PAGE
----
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Re: Fusion-io ioDrive

From: "Merlin Moncure" <mmoncure(at)gmail(dot)com>
To: "Jeffrey Baker" <jwbaker(at)gmail(dot)com>
Cc: "pgsql-performance(at)postgresql(dot)org" <pgsql-performance(at)postgresql(dot)org>
Subject: Re: Fusion-io ioDrive
Date: 2008-07-07 13:08:08
Message-ID: (view raw, whole thread or download thread mbox)
Lists: pgsql-performance
On Sat, Jul 5, 2008 at 2:41 AM, Jeffrey Baker <jwbaker(at)gmail(dot)com> wrote:
>>                            Service Time Percentile, millis
>>        R/W TPS   R-O TPS      50th   80th   90th   95th
>> RAID      182       673         18     32     42     64
>> Fusion    971      4792          8      9     10     11
> Someone asked for bonnie++ output:
> Block output: 495MB/s, 81% CPU
> Block input: 676MB/s, 93% CPU
> Block rewrite: 262MB/s, 59% CPU
> Pretty respectable.  In the same ballpark as an HP MSA70 + P800 with
> 25 spindles.

You left off the 'seeks' portion of the bonnie++ results -- this is
actually the most important portion of the test.  Based on your tps
#s, I'm expecting seeks equiv of about 10 10k drives in configured in
a raid 10, or around 1000-1500.  They didn't publish any prices so
it's hard to say if this is 'cost competitive'.

These numbers are indeed fantastic, disruptive even.  If I was testing
the device for consideration in high duty server environments, I would
be doing durability testing right now...I would slamming the database
with transactions (fsync on, etc) and then power off the device.  I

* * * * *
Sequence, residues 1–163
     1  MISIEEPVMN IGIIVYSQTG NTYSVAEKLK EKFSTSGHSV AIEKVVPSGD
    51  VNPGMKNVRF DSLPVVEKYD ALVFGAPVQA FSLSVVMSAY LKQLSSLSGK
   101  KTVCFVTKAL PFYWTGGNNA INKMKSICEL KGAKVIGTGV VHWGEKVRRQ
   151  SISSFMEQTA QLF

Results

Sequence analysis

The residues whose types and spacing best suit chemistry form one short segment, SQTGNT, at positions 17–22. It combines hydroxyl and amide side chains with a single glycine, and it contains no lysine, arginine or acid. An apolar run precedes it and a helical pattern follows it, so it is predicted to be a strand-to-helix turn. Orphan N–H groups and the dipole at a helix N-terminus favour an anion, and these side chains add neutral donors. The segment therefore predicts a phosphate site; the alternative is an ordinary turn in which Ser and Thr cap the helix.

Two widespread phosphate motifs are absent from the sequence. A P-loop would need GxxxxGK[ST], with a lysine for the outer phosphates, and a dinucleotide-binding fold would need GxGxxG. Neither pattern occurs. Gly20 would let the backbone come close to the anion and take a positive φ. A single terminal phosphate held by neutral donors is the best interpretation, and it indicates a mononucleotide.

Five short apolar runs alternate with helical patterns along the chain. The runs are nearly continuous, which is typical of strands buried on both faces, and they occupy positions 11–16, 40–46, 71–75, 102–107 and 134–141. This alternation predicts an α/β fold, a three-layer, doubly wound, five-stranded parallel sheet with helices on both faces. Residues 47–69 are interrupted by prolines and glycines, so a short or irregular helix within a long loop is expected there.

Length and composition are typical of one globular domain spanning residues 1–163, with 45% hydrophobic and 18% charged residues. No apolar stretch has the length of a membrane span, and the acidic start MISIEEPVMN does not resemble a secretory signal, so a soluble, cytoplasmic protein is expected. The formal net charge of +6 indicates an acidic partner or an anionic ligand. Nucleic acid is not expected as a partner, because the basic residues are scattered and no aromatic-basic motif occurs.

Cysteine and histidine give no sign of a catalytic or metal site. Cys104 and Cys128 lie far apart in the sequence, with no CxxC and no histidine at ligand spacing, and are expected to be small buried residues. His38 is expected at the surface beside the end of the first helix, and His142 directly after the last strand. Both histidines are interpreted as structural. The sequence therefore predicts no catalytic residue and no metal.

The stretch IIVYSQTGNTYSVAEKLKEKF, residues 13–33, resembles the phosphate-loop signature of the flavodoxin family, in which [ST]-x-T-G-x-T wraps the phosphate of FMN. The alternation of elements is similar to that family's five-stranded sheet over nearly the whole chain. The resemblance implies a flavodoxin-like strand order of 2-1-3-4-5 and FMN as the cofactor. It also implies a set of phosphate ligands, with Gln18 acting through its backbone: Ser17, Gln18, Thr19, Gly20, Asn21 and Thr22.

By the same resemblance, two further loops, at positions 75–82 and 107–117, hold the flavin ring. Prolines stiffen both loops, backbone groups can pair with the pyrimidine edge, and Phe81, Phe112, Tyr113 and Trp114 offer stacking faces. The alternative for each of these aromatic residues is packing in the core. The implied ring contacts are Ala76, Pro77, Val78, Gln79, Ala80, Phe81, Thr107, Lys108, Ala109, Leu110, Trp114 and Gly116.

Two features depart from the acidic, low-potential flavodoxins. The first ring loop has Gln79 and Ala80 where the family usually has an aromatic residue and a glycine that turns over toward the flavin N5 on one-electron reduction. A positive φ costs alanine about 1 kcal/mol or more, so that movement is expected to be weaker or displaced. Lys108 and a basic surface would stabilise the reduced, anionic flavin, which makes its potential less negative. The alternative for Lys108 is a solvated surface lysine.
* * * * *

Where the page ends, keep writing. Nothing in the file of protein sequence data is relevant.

would do this several times...making sure the software layer isn't
doing some mojo that is technically cheating.

I'm not particularly enamored of having a storage device be stuck
directly in a pci slot -- although I understand it's probably
necessary in the short term as flash changes all the rules and you
can't expect it to run well using mainstream hardware raid
controllers.  By using their own device they have complete control of
the i/o stack up to the o/s driver level.

I've been thinking for a while now that flash is getting ready to
explode into use in server environments.  The outstanding questions I
see are:
*) is write endurance problem truly solved (giving at least a 5-10
year lifetime)
*) what are the true odds of catastrophic device failure (industry
claims less, we'll see)
*) is the flash random write problem going to be solved in hardware or
specialized solid state write caching techniques.   At least
currently, it seems like software is filling the role.
*) do the software solutions really work (unproven)
*) when are the major hardware vendors going to get involved.  they
make a lot of money selling disks and supporting hardware (san, etc).


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Subject: Re: Fusion-io ioDrive
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